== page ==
Lockdown in Paris: Day 9

Danger of Despair. Are you addicted to doomsday?

So, I had a little meltdown on Facebook last night. The panic and negativity had reached a fever pitch on the toxic conveyor belt that is our Facebook newsfeed these days. Between the angry bipartisan bashing of the powers that be (useless energy), and the random senseless messages like, “Governor Cuomo! Not good news!” screaming on a field of red with zero explanation (irresponsible), I just exploded:

Ok kids, I’ve had enough of rumor-mongering, fake cures, and panicked messages. You are now officially addicted to the adrenalin rush of crying doomsday, and I call bullsh*t.

I did not use an asterisk.

The worst offenders, I said, would be silenced from my newsfeed immediately, “social media distanced where you cannot infect my brain.” It’s a matter of keeping sane.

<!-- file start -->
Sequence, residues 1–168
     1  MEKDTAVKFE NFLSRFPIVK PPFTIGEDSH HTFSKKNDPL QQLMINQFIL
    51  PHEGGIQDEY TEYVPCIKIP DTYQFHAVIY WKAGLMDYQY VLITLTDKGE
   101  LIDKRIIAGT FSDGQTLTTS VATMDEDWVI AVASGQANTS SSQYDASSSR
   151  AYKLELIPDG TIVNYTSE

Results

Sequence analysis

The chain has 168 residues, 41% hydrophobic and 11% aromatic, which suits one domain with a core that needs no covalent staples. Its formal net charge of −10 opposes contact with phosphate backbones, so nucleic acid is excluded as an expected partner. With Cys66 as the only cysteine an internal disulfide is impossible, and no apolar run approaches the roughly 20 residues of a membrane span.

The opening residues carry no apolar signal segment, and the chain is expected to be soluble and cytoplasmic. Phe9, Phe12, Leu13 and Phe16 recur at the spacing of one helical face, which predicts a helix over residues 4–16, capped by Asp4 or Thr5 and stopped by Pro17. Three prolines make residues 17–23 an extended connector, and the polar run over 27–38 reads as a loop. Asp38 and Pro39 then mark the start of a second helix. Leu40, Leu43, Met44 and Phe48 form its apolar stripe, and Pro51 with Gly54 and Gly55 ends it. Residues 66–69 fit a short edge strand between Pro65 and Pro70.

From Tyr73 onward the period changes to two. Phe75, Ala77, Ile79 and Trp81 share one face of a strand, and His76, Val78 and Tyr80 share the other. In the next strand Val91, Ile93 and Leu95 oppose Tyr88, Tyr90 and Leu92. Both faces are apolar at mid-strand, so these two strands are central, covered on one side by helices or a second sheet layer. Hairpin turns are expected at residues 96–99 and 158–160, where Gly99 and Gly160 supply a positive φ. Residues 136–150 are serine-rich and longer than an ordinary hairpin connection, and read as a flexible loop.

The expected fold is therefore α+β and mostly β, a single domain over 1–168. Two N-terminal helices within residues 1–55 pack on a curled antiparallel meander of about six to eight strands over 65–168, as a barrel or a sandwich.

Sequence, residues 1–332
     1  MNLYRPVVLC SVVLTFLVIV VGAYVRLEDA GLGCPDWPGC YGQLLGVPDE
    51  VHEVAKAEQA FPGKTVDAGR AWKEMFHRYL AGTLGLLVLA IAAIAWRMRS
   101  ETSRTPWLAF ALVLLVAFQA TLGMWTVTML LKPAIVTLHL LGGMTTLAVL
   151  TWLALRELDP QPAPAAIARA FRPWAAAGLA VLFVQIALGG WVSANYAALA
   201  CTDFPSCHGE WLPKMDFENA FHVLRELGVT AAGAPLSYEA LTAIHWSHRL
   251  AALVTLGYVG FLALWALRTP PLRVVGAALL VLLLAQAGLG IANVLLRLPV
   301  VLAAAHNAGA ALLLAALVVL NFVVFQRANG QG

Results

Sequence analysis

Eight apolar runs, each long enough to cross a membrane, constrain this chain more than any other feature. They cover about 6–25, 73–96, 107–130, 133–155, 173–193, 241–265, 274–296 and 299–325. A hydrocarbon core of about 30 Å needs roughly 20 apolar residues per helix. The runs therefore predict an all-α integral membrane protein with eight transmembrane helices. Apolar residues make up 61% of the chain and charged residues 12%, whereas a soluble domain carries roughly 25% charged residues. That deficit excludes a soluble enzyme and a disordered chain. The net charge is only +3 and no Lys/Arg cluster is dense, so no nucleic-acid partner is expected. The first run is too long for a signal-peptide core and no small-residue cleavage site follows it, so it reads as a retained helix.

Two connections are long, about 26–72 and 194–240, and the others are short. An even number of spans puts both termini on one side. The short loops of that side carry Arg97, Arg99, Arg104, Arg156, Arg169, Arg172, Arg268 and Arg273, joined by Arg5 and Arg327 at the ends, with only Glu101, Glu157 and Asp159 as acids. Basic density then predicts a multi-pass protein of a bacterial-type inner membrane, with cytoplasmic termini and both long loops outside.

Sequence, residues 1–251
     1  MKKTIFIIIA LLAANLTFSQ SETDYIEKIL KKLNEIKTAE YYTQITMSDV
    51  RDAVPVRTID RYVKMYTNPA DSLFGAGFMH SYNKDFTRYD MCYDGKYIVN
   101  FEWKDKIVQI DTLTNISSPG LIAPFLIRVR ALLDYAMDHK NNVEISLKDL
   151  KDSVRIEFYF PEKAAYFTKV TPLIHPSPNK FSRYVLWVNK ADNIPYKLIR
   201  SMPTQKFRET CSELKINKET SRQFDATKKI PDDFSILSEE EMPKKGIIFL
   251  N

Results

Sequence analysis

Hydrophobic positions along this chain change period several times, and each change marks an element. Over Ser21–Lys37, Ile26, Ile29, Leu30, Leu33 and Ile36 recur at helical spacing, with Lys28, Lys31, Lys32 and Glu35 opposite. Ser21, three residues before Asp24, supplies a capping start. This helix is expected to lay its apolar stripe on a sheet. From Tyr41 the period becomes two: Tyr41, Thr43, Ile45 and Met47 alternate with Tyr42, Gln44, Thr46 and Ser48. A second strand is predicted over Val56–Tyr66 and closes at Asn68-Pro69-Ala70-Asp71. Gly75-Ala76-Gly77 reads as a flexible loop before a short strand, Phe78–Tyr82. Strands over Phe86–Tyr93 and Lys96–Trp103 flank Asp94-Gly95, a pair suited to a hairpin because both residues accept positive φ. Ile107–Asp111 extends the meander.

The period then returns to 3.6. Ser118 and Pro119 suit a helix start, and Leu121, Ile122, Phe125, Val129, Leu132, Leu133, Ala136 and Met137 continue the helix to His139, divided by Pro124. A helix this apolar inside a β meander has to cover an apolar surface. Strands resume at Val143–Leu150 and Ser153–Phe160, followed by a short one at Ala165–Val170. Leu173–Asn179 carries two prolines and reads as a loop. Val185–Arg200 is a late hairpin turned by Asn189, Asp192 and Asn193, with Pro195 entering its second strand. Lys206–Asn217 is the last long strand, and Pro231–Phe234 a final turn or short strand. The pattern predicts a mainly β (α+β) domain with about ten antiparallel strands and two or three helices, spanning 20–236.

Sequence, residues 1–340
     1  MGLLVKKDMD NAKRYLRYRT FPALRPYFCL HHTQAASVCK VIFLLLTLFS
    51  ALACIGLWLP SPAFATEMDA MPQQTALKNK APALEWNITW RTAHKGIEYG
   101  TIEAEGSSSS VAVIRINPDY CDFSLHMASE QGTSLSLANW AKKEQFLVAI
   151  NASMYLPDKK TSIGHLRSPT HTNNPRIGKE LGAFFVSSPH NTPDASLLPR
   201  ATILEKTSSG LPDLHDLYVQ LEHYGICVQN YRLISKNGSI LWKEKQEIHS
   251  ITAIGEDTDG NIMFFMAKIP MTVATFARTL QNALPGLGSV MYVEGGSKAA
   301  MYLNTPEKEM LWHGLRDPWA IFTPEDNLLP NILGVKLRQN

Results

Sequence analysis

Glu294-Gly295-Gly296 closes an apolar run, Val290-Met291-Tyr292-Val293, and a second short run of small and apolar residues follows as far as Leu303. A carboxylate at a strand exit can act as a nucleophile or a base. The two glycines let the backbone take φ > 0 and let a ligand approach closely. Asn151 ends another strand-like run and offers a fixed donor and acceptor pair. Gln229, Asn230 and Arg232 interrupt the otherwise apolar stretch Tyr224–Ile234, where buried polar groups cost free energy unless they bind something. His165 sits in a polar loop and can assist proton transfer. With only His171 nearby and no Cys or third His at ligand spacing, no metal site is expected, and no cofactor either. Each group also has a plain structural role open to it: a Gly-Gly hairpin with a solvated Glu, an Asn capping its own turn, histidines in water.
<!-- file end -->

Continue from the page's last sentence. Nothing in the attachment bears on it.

The only thing worse than this virus is the way we are behaving: hysteria, mania, panic, negativity. Shut. It. Down.

Dear people of the world, get ahold of yourselves. It’s not okay to spew every thought in your head the moment you have it. Think about others before you post: your friends in the epicenter in Europe, your children, your community. What ideas are you putting out into the shared psyche? We’re taking measures to stop the spread of Covid-19, but what are we doing to stop the spread of fear and despair—of chaos?

Remember these guidelines for posting on social media:

  1. Does this post pertain to my immediate community/country?
  2. Is it useful or helpful?
  3. Is it truthful, factual? (Big one!)